/ 15 February 2007

Lesotho to vote amid Aids, poverty crises

The tiny kingdom of Lesotho, one of Africa’s most isolated and poorest countries, holds elections on Saturday, with the ruling party facing its toughest challenge in a decade amid the worsening twin crises of Aids and poverty.

Political analysts expect a mostly peaceful vote in the mountainous country entirely surrounded by South Africa, but say the race is still too close to call.

Prime Minister Pakalitha Mosisili’s Lesotho Congress for Democracy (LCD), which has ruled the constitutional monarchy since 1998, faces a new party led by former communications minister Thomas Thabane, once an LCD insider.

Thabane’s All Basotho Convention (ABC) has campaigned hard to highlight what it says are the LCD’s failures to address Lesotho’s many problems, chief among them widespread poverty and an HIV/Aids crisis deemed among the worst in the world.

About one in three adults in Lesotho are estimated to be infected with the Aids virus, leaving the country struggling to provide health care and dealing with growing numbers of children whose parents have been killed by the disease.

Lesotho’s Independent Electoral Commission (IEC) says the election campaign has sparked a rush of new voter registrations, with at least 120 000 of the more than 900 000 registered voters signing up since November.

”The IEC’s voter education campaign and the new party have really brought about a new vigour in these elections,” IEC spokesperson Truoe Hantsi said.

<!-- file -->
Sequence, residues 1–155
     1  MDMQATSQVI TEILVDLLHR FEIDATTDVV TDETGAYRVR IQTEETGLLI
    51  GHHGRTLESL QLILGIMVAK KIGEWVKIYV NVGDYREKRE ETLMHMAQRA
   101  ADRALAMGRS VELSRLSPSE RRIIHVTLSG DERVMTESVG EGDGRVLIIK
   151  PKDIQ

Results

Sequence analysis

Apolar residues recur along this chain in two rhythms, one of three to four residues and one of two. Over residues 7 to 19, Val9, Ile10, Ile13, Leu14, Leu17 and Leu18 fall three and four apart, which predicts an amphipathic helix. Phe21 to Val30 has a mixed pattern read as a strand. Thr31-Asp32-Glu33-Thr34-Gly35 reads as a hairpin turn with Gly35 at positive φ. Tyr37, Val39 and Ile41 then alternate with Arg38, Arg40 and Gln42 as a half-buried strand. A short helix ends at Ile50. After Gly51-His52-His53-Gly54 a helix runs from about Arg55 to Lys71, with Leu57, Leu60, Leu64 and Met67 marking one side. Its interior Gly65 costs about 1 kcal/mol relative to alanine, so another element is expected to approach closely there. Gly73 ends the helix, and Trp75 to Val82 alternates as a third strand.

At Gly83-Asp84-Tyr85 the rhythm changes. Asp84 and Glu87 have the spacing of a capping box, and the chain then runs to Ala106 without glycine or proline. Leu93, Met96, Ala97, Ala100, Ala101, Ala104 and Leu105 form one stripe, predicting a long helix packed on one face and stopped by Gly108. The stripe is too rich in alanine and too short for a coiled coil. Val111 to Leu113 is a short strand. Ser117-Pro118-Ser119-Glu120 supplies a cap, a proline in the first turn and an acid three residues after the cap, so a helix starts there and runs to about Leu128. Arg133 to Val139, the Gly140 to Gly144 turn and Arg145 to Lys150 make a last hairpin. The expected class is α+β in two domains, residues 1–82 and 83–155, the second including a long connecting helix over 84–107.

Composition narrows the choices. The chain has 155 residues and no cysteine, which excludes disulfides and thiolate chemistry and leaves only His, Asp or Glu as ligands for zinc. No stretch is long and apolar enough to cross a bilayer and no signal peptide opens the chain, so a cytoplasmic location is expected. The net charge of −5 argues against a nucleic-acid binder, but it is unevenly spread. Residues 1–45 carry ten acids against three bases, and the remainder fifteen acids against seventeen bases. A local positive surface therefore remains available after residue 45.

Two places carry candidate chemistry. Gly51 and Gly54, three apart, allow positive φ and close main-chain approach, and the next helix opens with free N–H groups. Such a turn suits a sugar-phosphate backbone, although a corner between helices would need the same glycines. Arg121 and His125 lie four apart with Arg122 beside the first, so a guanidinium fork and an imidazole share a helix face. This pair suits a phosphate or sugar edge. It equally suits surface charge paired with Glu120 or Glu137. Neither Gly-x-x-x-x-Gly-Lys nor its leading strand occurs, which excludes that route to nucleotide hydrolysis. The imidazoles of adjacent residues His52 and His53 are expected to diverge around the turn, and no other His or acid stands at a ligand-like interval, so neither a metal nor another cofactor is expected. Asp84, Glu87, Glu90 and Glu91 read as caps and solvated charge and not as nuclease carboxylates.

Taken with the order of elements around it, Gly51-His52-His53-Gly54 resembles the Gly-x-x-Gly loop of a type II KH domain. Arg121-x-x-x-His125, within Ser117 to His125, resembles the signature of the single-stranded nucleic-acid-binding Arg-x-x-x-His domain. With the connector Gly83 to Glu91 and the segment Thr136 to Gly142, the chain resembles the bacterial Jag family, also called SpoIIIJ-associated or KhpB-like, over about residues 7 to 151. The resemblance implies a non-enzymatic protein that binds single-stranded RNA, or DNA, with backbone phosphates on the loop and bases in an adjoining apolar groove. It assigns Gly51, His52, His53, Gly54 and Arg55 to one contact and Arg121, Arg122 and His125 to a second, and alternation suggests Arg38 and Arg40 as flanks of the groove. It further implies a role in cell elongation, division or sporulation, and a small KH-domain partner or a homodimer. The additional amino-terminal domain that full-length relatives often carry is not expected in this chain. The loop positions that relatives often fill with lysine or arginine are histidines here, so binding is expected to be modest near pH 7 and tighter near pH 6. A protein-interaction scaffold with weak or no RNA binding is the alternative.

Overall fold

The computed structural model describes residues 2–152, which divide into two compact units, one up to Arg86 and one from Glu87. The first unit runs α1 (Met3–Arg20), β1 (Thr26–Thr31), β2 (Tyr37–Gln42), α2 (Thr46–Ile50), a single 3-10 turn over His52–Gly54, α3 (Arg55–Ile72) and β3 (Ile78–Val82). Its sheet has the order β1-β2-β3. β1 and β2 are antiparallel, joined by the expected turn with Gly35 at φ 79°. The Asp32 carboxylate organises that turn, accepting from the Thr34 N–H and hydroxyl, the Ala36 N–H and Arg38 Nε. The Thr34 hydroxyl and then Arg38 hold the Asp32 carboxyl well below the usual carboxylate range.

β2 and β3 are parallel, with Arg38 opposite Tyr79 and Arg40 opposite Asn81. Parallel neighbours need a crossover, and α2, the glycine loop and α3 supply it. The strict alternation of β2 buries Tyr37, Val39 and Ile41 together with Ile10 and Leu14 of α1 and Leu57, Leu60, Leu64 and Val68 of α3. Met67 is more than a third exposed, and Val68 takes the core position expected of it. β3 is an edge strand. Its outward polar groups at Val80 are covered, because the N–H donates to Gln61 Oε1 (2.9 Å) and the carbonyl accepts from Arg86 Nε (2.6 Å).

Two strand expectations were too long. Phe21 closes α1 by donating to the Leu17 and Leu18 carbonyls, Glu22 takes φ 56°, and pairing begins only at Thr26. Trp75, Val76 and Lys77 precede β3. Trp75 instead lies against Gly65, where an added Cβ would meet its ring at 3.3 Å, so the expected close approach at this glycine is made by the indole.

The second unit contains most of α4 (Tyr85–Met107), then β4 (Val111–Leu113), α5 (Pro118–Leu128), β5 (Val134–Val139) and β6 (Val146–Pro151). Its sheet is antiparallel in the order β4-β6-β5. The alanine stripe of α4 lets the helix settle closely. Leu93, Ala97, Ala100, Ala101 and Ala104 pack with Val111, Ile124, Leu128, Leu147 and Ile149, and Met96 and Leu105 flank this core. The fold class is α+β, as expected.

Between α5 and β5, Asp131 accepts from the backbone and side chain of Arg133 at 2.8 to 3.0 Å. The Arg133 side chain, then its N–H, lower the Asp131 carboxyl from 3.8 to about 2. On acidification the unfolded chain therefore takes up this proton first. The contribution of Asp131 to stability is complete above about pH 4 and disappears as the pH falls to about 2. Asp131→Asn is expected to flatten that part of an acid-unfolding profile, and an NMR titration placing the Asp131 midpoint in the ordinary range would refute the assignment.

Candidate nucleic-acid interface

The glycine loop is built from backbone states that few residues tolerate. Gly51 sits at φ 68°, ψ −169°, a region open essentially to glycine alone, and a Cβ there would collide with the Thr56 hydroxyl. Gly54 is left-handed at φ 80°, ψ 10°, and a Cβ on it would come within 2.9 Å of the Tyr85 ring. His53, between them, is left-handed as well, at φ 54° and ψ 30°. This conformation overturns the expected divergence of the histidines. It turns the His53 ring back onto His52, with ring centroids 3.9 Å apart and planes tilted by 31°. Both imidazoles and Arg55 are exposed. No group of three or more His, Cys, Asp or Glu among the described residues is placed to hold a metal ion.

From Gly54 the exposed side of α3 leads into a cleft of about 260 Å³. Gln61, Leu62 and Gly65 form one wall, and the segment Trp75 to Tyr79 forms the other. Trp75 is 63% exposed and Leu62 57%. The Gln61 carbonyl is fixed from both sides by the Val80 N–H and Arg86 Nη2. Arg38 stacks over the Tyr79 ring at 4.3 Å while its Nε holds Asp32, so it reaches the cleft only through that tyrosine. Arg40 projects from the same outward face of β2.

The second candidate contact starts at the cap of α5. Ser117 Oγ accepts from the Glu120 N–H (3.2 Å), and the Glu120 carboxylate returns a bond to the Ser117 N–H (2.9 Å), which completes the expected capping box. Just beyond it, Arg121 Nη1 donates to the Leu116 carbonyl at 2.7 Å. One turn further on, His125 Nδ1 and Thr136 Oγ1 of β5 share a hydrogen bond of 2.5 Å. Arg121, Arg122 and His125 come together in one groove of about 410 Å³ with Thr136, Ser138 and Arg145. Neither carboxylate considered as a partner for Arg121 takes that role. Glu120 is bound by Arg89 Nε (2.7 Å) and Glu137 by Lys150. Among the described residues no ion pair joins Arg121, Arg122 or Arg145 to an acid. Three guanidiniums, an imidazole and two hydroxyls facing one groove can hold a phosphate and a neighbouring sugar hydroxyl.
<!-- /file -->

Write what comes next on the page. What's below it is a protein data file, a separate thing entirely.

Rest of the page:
Lesotho has had political violence in the past. After polls in 1998 resulted in vote-rigging claims against the LCD, South Africa and Botswana intervened with troops to restore order.

Waning fortunes

The country has seen its fortunes wane in recent years, particularly after a new global textile deal in 2005 removed quotas supporting an industry once seen as the kingdom’s future.

On the streets of the capital, Maseru, a city less than 5km from the South African border, election talk boiled down to whether Thabane’s four-month-old party would take the mantle from Mosisili.

”It is time for change; things cannot carry on as before. Even if the ABC does not win these elections, at least Thabane has reinvigorated the people of this country,” said a man at a Maseru hotel tavern, who gave his name as Mokhutu.

Thabane’s ABC was formed last October when 18 members of the LCD crossed the floor to form the new group, leaving the ruling party with 61 seats in Lesotho’s 120-member Parliament.

Mosisili, fearing a total collapse of the LCD government, asked King Letsie III one month later to dissolve the Parliament, setting in motion an election timetable that required new parliamentary elections to be held within 90 days.

While the LCD has been widely criticised for failing to deliver on promises of job creation, economic growth and the battle against HIV/Aids, it has urged voters to back it with plans to increase old-age pensions and expand free education.

The party also has a formidable national network, which the ABC may find difficult to match, analysts say.

Political scientist Fako Likoti of the National University of Lesotho said the poll could nevertheless see voters opt to change their government — a relative rarity in Southern Africa, where in most countries the electorate remains fiercely loyal to liberation-era political parties. — Reuters